Bella Freud’s fashion designs have been a stalwart of British cool for over a decade, with her iconic jumpers adored by the likes of Kate Moss and Alexa Chung, her signature style epitomises effortless chic. Launching her own label in 1990, she won Most Innovative Designer at the London Fashion Awards just a year later. With an enviable artistic lineage, she is the grandchild of Sigmund Freud and her father was artist Lucian Freud, it’s no surprise her creativity is boundless, spanning from fashion to film-making and most recently home design with the launch of her lifestyle collection. She talks to us about her inspirations, being a female entrepreneur and her penchant for rich minimalism…
What first inspired you to create your home accessories line and is it something you have always wanted to do?
I think my interest in homewear began with my obsession with sheets. My grandmother ran a small country hotel during the summer months in Co Cork, Eire and she allowed me, aged 8 to help her prepare the rooms, and crucially how to do hospital corners on the beds. In my teens I stayed at the grand house of a friend of my father’s and became entranced by the exquisite nature of the pale blue linen sheets in these much grander bedrooms. That’s where it all started.
Do you think fashion for the home is becoming more important to the consumer and how do you see the industry changing over the next decade?
I think this area is a huge area for growth and creativity. People are really interested in expressing themselves through the style in their homes, not just clothing. I see fashion brands automatically including home accessories into fashion collections rather than waiting to launch it as a separate medium. What needs to evolve is the buying approach so that things aren’t so segregated; its good to see things as a story rather than just themes.
An interest in film is evident throughout your career, from your producing of short films to collaborating with John Malkovich, what is it that draws you to film as a medium and do you have further plans to work in the field again?
I find I can access and suggest my ideas using film, I can tell the story better. I have a short film idea that I’m working on now and I’m hoping to shoot it soon.
As a leading British fashion designer and female entrepreneur what advice would you give to young women looking to follow in your footsteps, do you think it’s still harder for women to make their mark in the industry?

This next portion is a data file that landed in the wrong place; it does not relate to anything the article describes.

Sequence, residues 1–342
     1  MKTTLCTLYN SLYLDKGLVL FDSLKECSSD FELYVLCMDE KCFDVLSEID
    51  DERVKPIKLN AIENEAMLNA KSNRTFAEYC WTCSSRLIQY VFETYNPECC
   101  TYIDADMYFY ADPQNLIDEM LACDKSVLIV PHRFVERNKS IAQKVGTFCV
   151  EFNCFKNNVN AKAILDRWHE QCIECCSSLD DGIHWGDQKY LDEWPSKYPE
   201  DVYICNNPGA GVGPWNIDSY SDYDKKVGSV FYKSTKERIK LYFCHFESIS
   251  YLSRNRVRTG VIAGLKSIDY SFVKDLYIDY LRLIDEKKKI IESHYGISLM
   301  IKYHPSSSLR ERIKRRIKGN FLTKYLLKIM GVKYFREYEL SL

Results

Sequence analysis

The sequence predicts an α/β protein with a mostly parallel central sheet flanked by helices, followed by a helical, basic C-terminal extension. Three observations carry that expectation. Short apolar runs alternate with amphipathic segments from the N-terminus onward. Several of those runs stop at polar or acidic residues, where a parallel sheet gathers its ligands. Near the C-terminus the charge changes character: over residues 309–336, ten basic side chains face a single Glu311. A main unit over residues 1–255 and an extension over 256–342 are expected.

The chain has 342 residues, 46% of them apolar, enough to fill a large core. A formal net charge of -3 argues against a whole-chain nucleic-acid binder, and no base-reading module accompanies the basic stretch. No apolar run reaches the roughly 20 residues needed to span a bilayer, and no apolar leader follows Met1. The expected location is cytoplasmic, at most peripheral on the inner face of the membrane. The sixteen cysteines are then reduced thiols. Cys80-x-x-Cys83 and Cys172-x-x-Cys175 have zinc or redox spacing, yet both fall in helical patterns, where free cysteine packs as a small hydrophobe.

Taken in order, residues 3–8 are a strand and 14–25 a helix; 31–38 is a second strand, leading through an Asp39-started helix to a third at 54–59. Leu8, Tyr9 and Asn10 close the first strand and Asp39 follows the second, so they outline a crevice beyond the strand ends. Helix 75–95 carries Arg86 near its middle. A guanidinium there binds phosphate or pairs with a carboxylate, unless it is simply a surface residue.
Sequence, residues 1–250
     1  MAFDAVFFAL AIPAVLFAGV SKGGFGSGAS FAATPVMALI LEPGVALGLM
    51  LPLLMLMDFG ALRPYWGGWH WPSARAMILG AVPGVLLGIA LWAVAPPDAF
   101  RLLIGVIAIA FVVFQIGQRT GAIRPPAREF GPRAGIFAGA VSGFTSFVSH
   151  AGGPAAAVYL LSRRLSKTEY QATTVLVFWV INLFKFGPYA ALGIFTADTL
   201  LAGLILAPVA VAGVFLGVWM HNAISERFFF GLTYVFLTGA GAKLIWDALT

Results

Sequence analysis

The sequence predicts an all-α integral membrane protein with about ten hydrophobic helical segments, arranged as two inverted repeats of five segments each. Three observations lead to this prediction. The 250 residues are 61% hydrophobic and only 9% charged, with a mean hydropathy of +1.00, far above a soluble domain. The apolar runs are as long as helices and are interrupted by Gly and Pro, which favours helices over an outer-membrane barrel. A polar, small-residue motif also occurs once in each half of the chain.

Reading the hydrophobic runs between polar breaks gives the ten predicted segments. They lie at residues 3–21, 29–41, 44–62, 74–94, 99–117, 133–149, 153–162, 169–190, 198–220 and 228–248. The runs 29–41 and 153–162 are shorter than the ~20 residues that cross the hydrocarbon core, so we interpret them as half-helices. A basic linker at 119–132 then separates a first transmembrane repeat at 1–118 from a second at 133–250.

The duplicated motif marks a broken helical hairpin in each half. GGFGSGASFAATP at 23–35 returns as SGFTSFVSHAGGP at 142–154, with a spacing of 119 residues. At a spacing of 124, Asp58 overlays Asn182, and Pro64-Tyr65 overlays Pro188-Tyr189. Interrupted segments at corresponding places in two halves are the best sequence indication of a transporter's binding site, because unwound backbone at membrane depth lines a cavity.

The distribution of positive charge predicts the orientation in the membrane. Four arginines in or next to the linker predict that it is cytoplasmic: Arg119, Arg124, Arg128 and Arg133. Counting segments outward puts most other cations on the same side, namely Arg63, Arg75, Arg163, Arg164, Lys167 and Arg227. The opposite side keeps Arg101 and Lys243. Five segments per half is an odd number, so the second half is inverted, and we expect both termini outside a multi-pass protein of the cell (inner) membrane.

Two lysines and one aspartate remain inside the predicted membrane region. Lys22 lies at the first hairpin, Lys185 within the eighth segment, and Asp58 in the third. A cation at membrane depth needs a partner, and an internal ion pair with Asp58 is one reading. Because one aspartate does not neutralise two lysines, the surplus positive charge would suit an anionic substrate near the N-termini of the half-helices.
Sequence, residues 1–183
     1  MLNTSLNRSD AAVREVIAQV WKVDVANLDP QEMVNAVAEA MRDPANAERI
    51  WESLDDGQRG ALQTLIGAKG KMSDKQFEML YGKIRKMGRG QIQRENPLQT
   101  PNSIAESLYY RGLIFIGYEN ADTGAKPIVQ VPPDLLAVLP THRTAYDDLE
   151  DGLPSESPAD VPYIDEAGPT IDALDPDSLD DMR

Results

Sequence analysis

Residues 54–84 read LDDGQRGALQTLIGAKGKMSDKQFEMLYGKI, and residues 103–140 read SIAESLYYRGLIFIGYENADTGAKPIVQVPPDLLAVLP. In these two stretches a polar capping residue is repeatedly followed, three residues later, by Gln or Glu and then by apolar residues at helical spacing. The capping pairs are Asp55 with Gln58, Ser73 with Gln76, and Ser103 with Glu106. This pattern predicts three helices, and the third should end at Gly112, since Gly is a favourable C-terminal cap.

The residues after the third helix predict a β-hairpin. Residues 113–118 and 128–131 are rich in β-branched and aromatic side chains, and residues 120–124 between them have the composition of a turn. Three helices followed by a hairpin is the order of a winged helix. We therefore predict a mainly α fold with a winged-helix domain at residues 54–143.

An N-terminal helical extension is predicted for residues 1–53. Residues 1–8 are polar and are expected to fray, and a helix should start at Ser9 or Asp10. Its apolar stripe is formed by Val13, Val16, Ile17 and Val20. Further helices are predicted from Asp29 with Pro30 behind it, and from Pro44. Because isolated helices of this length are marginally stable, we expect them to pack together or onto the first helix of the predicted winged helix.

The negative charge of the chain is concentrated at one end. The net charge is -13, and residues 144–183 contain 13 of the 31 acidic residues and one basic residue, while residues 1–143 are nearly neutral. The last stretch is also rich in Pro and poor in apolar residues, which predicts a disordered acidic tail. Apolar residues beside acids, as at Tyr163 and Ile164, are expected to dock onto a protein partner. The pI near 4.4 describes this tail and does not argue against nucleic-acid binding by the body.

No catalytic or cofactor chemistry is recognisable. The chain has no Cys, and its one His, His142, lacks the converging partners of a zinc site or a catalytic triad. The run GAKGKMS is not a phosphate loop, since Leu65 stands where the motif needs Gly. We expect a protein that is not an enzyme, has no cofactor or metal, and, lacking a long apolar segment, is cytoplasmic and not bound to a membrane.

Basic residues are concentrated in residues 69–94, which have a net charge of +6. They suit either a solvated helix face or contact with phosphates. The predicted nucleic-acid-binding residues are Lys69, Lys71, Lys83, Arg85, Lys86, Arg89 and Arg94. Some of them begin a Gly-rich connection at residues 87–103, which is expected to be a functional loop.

The business of fashion is hard generally – but it seems particularly difficult for women to protect their interests. Most of the people in power financially are men and being ‘tough’ as a woman is not respected the way it is with men. It is generally admired as a strength when a man is adamant and demanding yet when a woman is the same it’s met with resistance and often distaste.
What is your favourite part of your working week and do you have a particular product that you like to work on most e.g. fragrance or fashion?
I particularly like designing the match boxes, I love making the design work in the square shape. It is so simple yet it looks strong and immediate. I enjoy trying to bring a new product into my world. I tend to think of what I long for and then design for it and watch it spring into life.
If you could create a home or fashion collection with anyone from the past or present who would it be and why?
Ohhh! So tantalising. Maybe from the past it would have been fun to collaborate with Biba or Coco Chanel on some bed linen and towels. Now it would with the Vampires Wife, we could have a brilliant time creating cool stuff.
How would you describe your own interior style and what is your favourite room in your home and why?
I like playing with colour combinations and using deep colours against a muddy grey to let it glow. I like a rich minimalism which doesn’t even make sense but it sounds right. It is minimal in that its not elaborate and the unlikely colour combinations make it luxurious. I am just building my home so I have yet to see which will be my favourite room.
What is your favourite way to waste time?
I don’t really waste time if I can help it, even sleeping is incredibly useful and rewarding. Putting things off is my most common way of wasting time, I don’t enjoy it as I know I’m doing it when I do and I know it’s destructive.
You’ve just discovered a time machine that can take you to either the past or the future, what year do you go to and why?
I wouldn’t mind going back to 1900 in Vienna, a time of great creativity in the world of music and art. I’d only stay for a short time though as for a woman it was always ten times more difficult to be able to free to be a creator.
What’s next for you and your brand – do you have any exciting projects for 2018 that you can share with us?
I am working on some really luxurious pieces, one off special things made in beautiful coloured heavy cashmere. And I’m developing my bed linen collection so that when I find the ideal partner I am ready to press go immediately.